“The gerontologist, V.V. Frolkis, recently found that mice lived 43% longer than animals on the standard diet when they periodically had activated charcoal added to their food. This is the clearest evidence I have seen that “bowel toxins” make a major contribution to the aging process.”
“Bacterial endotoxin inhibits mitochondrial respiration, and this respiration is needed for the intramitochondrial conversion of cholesterol into pregnenolone. With aging, pregnenolone and its derivatives, progesterone and DHEA, decline sharply. The brain, the organ with the highest concentration of those stabilizing substances, has many systems for adapting to their decreasing concentration, but the immune system is probably less able to compensate for those aging changes.”
“In the last century, it was observed that digitoxin (a natural steroid derivative) lowered the fever caused by enteritis. This is probably another example of a catatoxic function, a protective function common to many steroids, and probably worked by way of stabilizing the detoxifying enzymes and preventing the absorption of endotoxin. Endotoxin is known to destabilize and inactivate the bowel’s detoxifying enzymes, just as an overdose of cortisol does.”
“Bacterial toxins, whether produced in the intestine or in the manufacture of food supplements, pass through the wall of the intestine in larger amounts in stress, malnutrition, and old age. Endotoxin suppresses mitochondrial respiration, and tends to produce a shock-physiology similar to that produced by endogenous hormones. I have mentioned before that I think endotoxin can be involved in the premenstrual syndrome, and I think it might even be involved in some breast syndromes.”
“In aging, stress, and malnutrition, the barrier function of the intestine is weakened.”
“Two features of mitochondrial damage in severe stress (regardless of whether endotoxin is involved) are a depletion of the antioxidant reserves, and loss of the ability to convert cholesterol into the protective steroid hormones. Mitochondrial damage is more likely in hypothyroidism, as I have discussed previously; thyroxin inhibits lipid peroxidation, end it tends to be inversely related to adrenalin, preventing or minimizing “catecholamine toxicity,” for example. Beans and lentils happen to be powerful anti-thyroid agents, so it isn’t surprising to see indications of decreased aerobic capacity, resulting from decreased peak oxygen consumption in association with the chronic fatigue syndrome (CFS), if that syndrome is caused by chronic exposure to dietary legumes.”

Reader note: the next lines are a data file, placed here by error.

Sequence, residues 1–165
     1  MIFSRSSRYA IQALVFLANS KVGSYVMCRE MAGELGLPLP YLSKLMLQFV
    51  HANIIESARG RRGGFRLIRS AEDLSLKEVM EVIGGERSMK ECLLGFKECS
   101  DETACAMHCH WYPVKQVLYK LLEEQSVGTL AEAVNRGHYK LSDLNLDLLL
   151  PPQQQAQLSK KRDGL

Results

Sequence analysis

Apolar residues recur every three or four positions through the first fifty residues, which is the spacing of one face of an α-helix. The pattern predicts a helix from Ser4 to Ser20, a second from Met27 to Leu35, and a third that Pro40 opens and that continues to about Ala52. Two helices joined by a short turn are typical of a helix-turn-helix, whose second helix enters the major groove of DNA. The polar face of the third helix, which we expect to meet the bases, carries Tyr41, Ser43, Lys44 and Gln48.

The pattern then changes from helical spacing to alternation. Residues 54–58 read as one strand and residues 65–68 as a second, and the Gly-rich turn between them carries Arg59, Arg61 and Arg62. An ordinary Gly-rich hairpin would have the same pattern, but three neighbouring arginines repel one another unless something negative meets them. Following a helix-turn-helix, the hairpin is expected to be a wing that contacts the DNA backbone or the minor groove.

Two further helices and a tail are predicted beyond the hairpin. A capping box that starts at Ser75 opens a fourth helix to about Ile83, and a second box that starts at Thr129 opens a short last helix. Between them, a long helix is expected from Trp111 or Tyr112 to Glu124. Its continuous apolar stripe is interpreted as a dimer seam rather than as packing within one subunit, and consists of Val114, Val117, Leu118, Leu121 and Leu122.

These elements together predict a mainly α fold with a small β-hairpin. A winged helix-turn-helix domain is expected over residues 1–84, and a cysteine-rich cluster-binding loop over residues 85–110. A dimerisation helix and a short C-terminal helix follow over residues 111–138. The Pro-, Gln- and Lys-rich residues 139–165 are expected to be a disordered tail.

“One aspect of taxol research might advance our understanding of the body’s defenses against cancer. It happens that taxol, like bacterial endotoxin, stimulates macrophages to secrete tumor necrosis factor (TNF). This knowledge might lead to an insight into the nature of the process that controls TNF, and how that process fits into nonnal immunity. Promoting the body’s natural immunity, combined with reducing our exposure to cancer-causing factors, should have higher priority in the health sciences, but the power of the drug industry focuses attention on the idea of medically killing cancer cells.”
“Endotoxin or other material absorbed from intestinal bacteria contributes to a variety of autoimmune problems, including thyroiditis (Penhale and Young, 1988). Combining an indigestible fiber, such as raw carrot, with mild germicides, such as vinegar and coconut oil, can improve the hormonal environment, while reducing the immunological burden.”
“Estrogen and PUFA create insulin resistance, and the resulting state of “diabetes” and stress de-energizes tissues, with the mitochondria that are damaged by unsaturated fatty acids, nitric oxide, tumor necrosis factor (TNT), serotonin, etc., failing to meet the tissues’ energy needs. Stress, endotoxinemia, and increased estrogen tend to activate TNF, which has a role in brain degenerative diseases and osteoporosis and multiple organ failure.”
“Systemic metabolic problems make local problems worse, and if a local injury is serious, it can cause the liver to produce stress-related proteins called “acute phase proteins,” including fibrinogen and serum amyloids A and P, C-reactive protein, and other inflammation-related proteins. These proteins are a primitive sort of immune system, that· can directly bind to some harmful substances. Endotoxin absorbed from bowel bacteria is probably the commonest reason for increased production of these proteins. The acute phase proteins contribute to the development of tumors in various ways. For example fibrinogen degradation products are pro-inflammatory. Although these are called acute phase proteins, they sometimes might better be called chronic inflammation proteins, since they are associated with diabetes, cancer, and heart disease.”
“The stress response is self-sustaining on several levels. For example, stress increases the absorption of bacterial endotoxin from the intestine, which increases the estrogen level and synergizes with biliverdin and cortisol.”